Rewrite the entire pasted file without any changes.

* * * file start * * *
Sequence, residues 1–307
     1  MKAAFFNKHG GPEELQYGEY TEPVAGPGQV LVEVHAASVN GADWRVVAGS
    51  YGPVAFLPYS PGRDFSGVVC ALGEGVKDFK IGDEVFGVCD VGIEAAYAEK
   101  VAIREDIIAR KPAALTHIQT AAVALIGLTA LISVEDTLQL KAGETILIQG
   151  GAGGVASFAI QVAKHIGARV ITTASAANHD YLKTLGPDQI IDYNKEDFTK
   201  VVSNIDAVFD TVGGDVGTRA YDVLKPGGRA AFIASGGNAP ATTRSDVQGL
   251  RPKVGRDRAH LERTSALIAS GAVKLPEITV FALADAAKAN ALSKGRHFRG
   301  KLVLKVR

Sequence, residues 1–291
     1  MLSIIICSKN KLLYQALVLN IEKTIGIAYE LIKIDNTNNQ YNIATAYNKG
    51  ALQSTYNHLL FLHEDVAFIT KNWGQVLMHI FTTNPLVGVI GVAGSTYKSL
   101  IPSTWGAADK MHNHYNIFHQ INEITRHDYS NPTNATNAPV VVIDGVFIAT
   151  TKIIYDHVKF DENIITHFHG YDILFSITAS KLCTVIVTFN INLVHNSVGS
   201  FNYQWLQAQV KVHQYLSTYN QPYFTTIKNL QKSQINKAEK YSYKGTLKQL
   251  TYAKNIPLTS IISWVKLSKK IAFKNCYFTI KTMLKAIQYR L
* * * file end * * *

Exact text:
Sequence, residues 1–307
     1  MKAAFFNKHG GPEELQYGEY TEPVAGPGQV LVEVHAASVN GADWRVVAGS
    51  YGPVAFLPYS PGRDFSGVVC ALGEGVKDFK IGDEVFGVCD VGIEAAYAEK
   101  VAIREDIIAR KPAALTHIQT AAVALIGLTA LISVEDTLQL KAGETILIQG
   151  GAGGVASFAI QVAKHIGARV ITTASAANHD YLKTLGPDQI IDYNKEDFTK
   201  VVSNIDAVFD TVGGDVGTRA YDVLKPGGRA AFIASGGNAP ATTRSDVQGL
   251  RPKVGRDRAH LERTSALIAS GAVKLPEITV FALADAAKAN ALSKGRHFRG
   301  KLVLKVR

Sequence, residues 1–291
     1  MLSIIICSKN KLLYQALVLN IEKTIGIAYE LIKIDNTNNQ YNIATAYNKG
    51  ALQSTYNHLL FLHEDVAFIT KNWGQVLMHI FTTNPLVGVI GVAGSTYKSL
   101  IPSTWGAADK MHNHYNIFHQ INEITRHDYS NPTNATNAPV VVIDGVFIAT
   151  TKIIYDHVKF DENIITHFHG YDILFSITAS KLCTVIVTFN INLVHNSVGS
   201  FNYQWLQAQV KVHQYLSTYN QPYFTTIKNL QKSQINKAEK YSYKGTLKQL
   251  TYAKNIPLTS IISWVKLSKK IAFKNCYFTI KTMLKAIQYR L